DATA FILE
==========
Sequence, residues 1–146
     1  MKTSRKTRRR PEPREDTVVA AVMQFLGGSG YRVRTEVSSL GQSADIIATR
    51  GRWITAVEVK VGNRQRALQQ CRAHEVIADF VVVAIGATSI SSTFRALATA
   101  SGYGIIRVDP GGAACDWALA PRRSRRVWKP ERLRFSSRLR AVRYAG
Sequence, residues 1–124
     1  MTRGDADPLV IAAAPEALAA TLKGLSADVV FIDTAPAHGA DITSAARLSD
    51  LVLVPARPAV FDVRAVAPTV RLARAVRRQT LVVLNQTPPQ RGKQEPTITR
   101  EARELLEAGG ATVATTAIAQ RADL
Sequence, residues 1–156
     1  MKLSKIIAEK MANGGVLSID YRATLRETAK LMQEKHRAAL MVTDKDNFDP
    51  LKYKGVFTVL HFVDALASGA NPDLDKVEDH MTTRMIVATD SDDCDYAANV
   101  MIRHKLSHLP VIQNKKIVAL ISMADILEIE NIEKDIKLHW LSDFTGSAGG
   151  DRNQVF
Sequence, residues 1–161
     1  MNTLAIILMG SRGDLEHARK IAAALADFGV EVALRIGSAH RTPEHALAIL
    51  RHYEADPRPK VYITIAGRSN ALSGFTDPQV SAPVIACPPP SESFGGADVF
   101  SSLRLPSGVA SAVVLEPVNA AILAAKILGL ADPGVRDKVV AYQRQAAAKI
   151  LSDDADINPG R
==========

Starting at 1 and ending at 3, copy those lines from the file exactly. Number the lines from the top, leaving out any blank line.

Sequence, residues 1–146
     1  MKTSRKTRRR PEPREDTVVA AVMQFLGGSG YRVRTEVSSL GQSADIIATR
    51  GRWITAVEVK VGNRQRALQQ CRAHEVIADF VVVAIGATSI SSTFRALATA